Romance and courting have no place in the dragonfly mating ritual. In fact, it is a bit violent and somewhat unsettling. However, dragonflies must be doing something right, as they have existed for over 300 million years.
Using their extraordinary eyesight, a male dragonfly must identify a female of his own species. In a pond habitat that is home to many dragonfly and damselfly species, this may seem like a daunting task. However, male dragonflies are up to the challenge. They are able to target an appropriate breeding partner by observing the flight style, color, pattern and size of a female dragonfly.
The first step in the mating process is for the male dragonfly to subdue the female. The typical scenario looks like this. While in flight, the male approaches the female from behind, grabs hold of her thorax with his legs, and sometimes bites her in an effort to quickly subdue her. Pulling his abdomen forward, he uses his anal appendages (cerci) to hold her by the neck while continuing to fly with her in a formation referred to as tandem linkage.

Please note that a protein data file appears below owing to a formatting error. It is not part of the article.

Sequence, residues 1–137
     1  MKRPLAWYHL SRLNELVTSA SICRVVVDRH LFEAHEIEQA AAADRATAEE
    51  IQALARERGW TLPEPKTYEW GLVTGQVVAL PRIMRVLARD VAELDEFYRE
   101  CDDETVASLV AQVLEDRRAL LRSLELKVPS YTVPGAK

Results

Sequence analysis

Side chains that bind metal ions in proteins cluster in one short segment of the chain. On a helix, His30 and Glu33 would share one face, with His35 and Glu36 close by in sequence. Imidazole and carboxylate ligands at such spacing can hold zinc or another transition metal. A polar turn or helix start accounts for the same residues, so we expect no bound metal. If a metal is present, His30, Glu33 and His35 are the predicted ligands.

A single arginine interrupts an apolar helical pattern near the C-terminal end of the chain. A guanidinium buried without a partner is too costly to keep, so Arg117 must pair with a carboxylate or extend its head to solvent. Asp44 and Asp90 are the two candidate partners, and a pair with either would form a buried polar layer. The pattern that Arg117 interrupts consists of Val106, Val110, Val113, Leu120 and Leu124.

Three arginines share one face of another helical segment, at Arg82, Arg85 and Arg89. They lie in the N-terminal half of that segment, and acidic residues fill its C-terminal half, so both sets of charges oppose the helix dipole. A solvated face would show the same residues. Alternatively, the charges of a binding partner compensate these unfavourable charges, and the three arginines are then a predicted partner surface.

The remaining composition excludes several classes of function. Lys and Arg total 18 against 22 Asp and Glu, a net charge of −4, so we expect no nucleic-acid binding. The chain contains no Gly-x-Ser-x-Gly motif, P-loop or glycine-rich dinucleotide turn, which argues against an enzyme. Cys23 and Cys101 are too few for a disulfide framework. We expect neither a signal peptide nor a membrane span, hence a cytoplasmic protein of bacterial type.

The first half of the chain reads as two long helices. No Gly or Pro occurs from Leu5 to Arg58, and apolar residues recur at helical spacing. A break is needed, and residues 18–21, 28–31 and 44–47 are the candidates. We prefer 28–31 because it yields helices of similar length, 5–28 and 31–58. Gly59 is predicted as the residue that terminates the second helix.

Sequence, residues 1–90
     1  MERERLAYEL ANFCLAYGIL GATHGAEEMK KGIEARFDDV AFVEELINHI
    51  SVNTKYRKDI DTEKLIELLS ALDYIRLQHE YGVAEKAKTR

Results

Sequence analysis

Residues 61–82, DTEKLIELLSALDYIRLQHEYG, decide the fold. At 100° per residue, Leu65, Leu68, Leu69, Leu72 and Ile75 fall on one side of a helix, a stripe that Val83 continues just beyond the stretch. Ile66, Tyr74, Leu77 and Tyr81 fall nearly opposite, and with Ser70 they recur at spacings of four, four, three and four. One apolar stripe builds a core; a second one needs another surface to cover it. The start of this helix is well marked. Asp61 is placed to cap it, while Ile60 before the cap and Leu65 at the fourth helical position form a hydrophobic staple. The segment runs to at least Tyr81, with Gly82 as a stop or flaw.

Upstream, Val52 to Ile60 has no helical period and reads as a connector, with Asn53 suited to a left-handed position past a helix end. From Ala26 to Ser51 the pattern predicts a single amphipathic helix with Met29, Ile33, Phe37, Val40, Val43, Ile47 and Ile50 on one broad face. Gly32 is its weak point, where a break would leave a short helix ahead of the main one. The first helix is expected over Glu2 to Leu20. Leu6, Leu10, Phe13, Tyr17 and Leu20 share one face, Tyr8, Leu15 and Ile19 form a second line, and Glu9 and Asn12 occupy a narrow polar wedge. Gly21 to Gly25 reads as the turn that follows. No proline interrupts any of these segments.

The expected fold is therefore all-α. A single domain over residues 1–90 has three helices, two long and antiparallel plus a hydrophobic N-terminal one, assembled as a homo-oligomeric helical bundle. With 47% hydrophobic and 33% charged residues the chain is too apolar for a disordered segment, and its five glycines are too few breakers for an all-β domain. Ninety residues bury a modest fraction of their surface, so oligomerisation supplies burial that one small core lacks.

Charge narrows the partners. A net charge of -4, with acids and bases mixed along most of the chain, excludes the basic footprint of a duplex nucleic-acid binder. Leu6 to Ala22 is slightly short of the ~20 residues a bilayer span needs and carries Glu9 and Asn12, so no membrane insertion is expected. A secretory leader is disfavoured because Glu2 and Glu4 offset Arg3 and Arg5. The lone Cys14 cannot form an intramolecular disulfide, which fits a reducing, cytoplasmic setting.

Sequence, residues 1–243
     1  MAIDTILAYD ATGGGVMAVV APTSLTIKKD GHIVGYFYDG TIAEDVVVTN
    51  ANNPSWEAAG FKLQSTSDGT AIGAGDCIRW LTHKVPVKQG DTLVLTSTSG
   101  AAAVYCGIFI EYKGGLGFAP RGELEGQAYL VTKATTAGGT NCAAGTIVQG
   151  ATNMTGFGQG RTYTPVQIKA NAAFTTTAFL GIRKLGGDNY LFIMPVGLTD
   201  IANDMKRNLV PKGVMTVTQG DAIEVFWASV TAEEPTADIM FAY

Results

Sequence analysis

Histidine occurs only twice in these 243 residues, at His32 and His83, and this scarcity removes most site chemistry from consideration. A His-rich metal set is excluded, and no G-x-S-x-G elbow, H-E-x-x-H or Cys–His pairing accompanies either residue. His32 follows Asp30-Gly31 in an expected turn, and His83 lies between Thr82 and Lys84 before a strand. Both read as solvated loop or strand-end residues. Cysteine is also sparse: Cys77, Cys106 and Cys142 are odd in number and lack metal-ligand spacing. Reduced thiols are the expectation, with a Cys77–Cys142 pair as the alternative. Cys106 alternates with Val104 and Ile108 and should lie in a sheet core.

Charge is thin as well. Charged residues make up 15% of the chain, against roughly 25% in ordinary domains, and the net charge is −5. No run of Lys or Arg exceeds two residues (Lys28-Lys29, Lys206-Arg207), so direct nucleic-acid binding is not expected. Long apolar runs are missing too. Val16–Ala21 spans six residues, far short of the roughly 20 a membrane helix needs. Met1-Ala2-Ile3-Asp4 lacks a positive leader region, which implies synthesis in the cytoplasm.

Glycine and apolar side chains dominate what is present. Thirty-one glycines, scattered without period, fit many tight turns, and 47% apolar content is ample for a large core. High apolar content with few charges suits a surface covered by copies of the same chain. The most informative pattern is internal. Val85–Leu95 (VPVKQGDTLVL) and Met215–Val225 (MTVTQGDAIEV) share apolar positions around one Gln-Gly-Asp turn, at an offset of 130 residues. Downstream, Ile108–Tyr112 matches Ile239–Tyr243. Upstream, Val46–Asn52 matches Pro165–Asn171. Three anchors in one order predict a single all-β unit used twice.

The male dragonfly prepares for sex by transferring his sperm to his penis. Now comes the issue of joining the male's penis (located at the tip of his abdominal segment) to the female's genital opening (located near her neck). Once their sex organs are linked, the dragonfly couple forms a closed circle with their bodies.
Hold on, there is more. Since a female dragonfly will mate with multiple partners and only the last sexual partner will actually fertilize her eggs, the male dragonfly will scoop out the sperm of pervious mating partners using barbs on their penises. Once he has cleaned house (so to speak), the male dragonfly will position his sperm to maximize fertilization potential. Then he will stand guard and chase away any other males that attempt to mate with his partner.